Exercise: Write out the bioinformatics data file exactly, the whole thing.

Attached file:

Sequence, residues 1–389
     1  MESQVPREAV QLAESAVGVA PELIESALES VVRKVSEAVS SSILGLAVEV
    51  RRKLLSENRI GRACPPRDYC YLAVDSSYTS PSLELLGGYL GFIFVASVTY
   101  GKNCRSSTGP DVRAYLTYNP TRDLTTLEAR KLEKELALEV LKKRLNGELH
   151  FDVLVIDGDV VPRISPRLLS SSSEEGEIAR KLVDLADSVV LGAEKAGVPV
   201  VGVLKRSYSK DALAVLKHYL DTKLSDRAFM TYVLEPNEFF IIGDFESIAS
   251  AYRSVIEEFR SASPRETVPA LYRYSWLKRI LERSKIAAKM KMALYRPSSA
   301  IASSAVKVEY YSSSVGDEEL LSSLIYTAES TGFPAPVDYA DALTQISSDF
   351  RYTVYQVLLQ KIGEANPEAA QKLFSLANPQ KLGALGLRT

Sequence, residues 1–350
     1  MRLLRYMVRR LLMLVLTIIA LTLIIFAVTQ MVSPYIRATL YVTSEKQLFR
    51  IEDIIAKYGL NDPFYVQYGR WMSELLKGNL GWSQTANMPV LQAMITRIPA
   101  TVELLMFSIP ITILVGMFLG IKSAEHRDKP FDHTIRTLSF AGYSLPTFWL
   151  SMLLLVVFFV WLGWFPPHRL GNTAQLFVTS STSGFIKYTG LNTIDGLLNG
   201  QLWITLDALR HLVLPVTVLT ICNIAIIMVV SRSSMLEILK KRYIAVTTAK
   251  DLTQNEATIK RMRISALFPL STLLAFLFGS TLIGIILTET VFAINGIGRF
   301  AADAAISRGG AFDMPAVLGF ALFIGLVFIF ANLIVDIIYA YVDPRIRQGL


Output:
Sequence, residues 1–389
     1  MESQVPREAV QLAESAVGVA PELIESALES VVRKVSEAVS SSILGLAVEV
    51  RRKLLSENRI GRACPPRDYC YLAVDSSYTS PSLELLGGYL GFIFVASVTY
   101  GKNCRSSTGP DVRAYLTYNP TRDLTTLEAR KLEKELALEV LKKRLNGELH
   151  FDVLVIDGDV VPRISPRLLS SSSEEGEIAR KLVDLADSVV LGAEKAGVPV
   201  VGVLKRSYSK DALAVLKHYL DTKLSDRAFM TYVLEPNEFF IIGDFESIAS
   251  AYRSVIEEFR SASPRETVPA LYRYSWLKRI LERSKIAAKM KMALYRPSSA
   301  IASSAVKVEY YSSSVGDEEL LSSLIYTAES TGFPAPVDYA DALTQISSDF
   351  RYTVYQVLLQ KIGEANPEAA QKLFSLANPQ KLGALGLRT

Sequence, residues 1–350
     1  MRLLRYMVRR LLMLVLTIIA LTLIIFAVTQ MVSPYIRATL YVTSEKQLFR
    51  IEDIIAKYGL NDPFYVQYGR WMSELLKGNL GWSQTANMPV LQAMITRIPA
   101  TVELLMFSIP ITILVGMFLG IKSAEHRDKP FDHTIRTLSF AGYSLPTFWL
   151  SMLLLVVFFV WLGWFPPHRL GNTAQLFVTS STSGFIKYTG LNTIDGLLNG
   201  QLWITLDALR HLVLPVTVLT ICNIAIIMVV SRSSMLEILK KRYIAVTTAK
   251  DLTQNEATIK RMRISALFPL STLLAFLFGS TLIGIILTET VFAINGIGRF
   301  AADAAISRGG AFDMPAVLGF ALFIGLVFIF ANLIVDIIYA YVDPRIRQGL